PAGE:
New Graphic Novels Marked by Past and Present

Two recent graphic novels take us back in time to the 1950s and 1970s, while two others deal with very contemporary issues: today’s world of work and the issue of cultural appropriation.

By Holger Moos

Lehmann: Parallel © Reprodukt Homosexuality was a taboo subject in 1950s Germany. In his graphic novel Parallel, artist Matthias Lehmann tells the story of Karl Kling, who writes a letter to his daughter Hella. It is a confession explaining why he has failed as a husband and father because of the social conventions of his time and his social class. And he reveals to her his attraction to men. In his review in the Süddeutsche Zeitung, writer Thomas von Steinaecker is enthusiastic about the variety of topics covered in the debut. It is a “graphic novel about being gay in the post-war period, about divided Germany, a working-class life and a generational conflict.” It may be a lot to digest, he says, but Lehmann’s way of embedding everything in the working-class milieu where Karl enjoys both binge drinking with his macho buddies and secret affairs with his male sweethearts is utterly convincing. And stylistically, the black-and-white drawings are powerful.

Daniel: Das Gutachten © Carlsen Jennifer Daniel travels back in time as well, but to the late 1970s in her graphic novel Das Gutachten (The Evaluation). A young RAF sympathiser and her young son are killed in a car accident and there is no trace of the person who caused it. An employee of Bonn’s forensic medicine department tries to get to the bottom of the case for personal reasons. Daniel very skilfully captures the atmosphere of an era in which people smoked anywhere they wished and drink-driving and sexism were considered trivial offences. The repressed past of Nazism and the war also continue to reverberate both in the personal subconscious and in the power structures in politics and society. The artist thus presents an “exciting, constricting and graphically beautiful political thriller from the Bonn Republic,” according to Barbara Buchholz in the Tagesspiegel. Das Gutachten garnered Jennifer Daniel a nomination as a finalist for the 2021 Berthold Leibinger Stiftung Comicbuchpreis. They praised her “drawing style, reminiscent of the décor and ambience of ARD’s International Frühschoppen with Werner Höfer (the glasses!).”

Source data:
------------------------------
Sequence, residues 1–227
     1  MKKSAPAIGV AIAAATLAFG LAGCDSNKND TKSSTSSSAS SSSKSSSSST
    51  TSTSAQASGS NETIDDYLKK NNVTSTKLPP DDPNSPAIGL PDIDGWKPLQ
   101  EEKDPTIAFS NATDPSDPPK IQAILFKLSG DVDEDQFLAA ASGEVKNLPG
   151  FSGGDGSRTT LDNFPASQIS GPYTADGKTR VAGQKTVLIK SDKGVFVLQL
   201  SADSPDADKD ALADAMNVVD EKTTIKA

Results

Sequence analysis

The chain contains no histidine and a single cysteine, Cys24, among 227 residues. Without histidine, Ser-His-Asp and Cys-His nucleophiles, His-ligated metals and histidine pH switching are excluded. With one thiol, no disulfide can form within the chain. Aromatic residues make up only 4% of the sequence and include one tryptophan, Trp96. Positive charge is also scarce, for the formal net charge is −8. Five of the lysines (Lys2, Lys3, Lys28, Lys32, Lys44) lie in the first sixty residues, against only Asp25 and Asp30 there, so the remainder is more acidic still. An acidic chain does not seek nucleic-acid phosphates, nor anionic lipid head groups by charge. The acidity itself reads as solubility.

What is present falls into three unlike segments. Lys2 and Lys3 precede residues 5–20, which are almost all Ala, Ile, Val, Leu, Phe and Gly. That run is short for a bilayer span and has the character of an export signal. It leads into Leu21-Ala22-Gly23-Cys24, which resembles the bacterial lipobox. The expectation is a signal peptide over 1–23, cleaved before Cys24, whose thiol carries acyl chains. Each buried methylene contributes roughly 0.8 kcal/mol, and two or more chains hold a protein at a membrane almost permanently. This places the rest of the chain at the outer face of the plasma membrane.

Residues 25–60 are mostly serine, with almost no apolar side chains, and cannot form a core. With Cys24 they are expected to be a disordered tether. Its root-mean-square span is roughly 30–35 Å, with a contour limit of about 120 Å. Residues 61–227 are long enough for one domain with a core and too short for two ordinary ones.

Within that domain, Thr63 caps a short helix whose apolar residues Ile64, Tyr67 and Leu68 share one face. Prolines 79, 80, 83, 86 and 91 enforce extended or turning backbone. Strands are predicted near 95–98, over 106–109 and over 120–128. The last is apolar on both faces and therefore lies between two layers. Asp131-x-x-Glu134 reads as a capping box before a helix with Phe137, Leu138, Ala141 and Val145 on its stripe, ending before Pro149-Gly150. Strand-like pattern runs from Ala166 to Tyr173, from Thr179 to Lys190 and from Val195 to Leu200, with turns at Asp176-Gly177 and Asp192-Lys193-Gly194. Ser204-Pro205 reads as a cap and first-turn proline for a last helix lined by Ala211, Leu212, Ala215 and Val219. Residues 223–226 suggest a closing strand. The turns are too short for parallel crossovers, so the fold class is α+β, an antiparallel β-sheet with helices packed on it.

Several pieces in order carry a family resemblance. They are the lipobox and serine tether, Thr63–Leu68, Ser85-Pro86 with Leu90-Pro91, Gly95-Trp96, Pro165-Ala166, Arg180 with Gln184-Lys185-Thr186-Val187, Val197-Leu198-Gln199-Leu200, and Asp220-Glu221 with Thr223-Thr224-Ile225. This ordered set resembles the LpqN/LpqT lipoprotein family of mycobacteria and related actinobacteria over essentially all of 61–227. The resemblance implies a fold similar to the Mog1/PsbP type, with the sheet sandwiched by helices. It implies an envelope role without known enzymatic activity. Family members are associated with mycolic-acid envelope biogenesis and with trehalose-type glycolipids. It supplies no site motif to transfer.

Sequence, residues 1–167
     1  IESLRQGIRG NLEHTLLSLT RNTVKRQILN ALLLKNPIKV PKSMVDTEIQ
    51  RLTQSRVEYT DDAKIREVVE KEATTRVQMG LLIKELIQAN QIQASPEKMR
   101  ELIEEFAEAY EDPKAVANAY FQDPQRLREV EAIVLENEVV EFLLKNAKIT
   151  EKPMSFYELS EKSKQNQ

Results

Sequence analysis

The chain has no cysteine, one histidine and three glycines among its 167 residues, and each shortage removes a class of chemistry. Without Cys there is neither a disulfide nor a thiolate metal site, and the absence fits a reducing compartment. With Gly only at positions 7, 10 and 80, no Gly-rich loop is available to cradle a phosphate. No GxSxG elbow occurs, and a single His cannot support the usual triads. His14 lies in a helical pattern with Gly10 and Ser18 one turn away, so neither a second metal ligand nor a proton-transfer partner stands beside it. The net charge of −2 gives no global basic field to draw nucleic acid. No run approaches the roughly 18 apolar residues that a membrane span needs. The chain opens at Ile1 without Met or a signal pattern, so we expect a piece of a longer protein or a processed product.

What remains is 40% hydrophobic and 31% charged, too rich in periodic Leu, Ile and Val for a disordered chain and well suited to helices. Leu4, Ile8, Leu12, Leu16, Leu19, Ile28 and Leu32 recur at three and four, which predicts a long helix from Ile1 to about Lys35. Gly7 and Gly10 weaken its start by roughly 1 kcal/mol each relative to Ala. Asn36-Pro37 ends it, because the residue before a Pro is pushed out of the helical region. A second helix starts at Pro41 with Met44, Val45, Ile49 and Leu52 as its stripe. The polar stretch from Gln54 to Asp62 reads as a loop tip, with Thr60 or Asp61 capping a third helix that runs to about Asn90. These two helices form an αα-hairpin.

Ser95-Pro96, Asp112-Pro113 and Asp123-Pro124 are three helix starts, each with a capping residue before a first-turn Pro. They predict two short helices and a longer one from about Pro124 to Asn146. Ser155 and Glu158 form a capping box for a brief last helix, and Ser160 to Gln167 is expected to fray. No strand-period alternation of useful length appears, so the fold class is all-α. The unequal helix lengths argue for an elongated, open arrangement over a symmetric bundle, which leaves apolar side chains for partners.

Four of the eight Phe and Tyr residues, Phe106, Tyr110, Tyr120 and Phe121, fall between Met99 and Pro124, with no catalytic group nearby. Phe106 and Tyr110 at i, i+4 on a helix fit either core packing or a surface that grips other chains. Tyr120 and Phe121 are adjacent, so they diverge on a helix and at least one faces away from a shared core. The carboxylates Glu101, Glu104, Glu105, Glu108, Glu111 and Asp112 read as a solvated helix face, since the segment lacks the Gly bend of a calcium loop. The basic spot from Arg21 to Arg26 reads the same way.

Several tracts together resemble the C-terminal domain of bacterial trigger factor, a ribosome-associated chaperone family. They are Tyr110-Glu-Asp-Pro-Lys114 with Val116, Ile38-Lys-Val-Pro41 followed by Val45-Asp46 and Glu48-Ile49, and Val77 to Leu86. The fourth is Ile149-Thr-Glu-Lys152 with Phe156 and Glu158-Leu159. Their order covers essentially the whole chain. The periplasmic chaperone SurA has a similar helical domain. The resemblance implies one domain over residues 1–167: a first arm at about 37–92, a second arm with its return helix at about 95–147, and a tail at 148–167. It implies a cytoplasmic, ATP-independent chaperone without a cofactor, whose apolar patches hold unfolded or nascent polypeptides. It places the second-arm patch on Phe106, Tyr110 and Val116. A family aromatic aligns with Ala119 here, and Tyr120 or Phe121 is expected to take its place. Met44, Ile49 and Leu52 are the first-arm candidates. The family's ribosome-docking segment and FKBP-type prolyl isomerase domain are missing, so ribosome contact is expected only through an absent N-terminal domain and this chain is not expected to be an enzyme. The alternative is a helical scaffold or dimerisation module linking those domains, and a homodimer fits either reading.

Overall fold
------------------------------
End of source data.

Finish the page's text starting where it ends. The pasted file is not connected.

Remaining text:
Shit Jobs and Skinheads

Franz: Work-Life Balance © Reprodukt Aisha Franz’s new graphic novel Work-Life-Balance is very up-to-date. With wit and virtuosity, the artist’s stories depict the working reality of young adults today: dreams and frustrations, burn-out and bullshit jobs. Take Anita, for instance, a maker of utilitarian ceramics who destroys them in a fit of rage. Sandra works in a start-up and is advised by her boss to try therapy. Rex, the third protagonist, is a freelance programmer who gets ripped off by his client. All three end up in the practice of Dr Sharifi, an oddball psychotherapist. Michael Brake from fluter magazine considers the cartoon-like story not exactly original and somewhat clichéd, “nevertheless Franz succeeds in fashioning a critical and at the same time humorous and light story out of it.”

Weyhe: Rude Girl © Avant The latest book by Hamburg artist Birgit Weyhe begins in the Midwest of the United States, where she teaches at a college. She feels like a stranger. At a conference of German scholars, she is accused of cultural appropriation in her comics. Back in Berlin, she meets Priscilla Layne, an African-American professor of German studies with Caribbean roots, for an interview. She grew up in poverty, was sexually abused at a young age, rebelled against gender roles and joined the anti-racist skinhead movement. Weyhe is fascinated by her and asks Layne if she can tell her life story in graphic form. Layne acts as editor, checking each chapter. In the graphic novel, Layne’s comments on the previous chapter are inserted in intermediate chapters. With Rude Girl, Weyhe has drawn “a multi-layered graphic novel about a Black German studies professor – and about how Black identities are as diverse as the identities of any other group of people,” according to Andrea Heinze on rbbKultur. Weyhe was also nominated as a finalist in the Berthold Leibinger Stiftung’s 2021 Comicbuchpreis.
 
  • Franz: Work-Life Balance © Aisha Franz / Reprodukt
  • Franz: Work-Life Balance © Aisha Franz / Reprodukt
  • Daniel: Das Gutachten © Jennifer Daniel / Carlsen
  • Daniel: Das Gutachten © Jennifer Daniel / Carlsen
  • Lehmann: Parallel © Matthias Lehmann / Reprodukt
  • Lehmann: Parallel © Matthias Lehmann / Reprodukt
  • Weyhe: Rude Girl © Birgit Weyhe / Avant
  • Weyhe: Rude Girl © Birgit Weyhe / Avant

Logo Rosinenpicker © Goethe-Institut / Illustration: Tobias Schrank Jennifer Daniel: Das Gutachten
Hamburg: Carlsen, 2022. 208 p.
ISBN: 978-3-551-78170-3

Aisha Franz: Work-Life Balance
Berlin: Reprodukt, 2022. 256 p.
ISBN: 978-3-95640-308-8

Matthias Lehmann: Parallel
Berlin: Reprodukt, 2021. 464 p.
ISBN 978-3-95640-256-2

Birgit Weyhe: Rude Girl
Berlin: avant-verlag, 2022. 312 p.
ISBN: 978-3-96445-068-5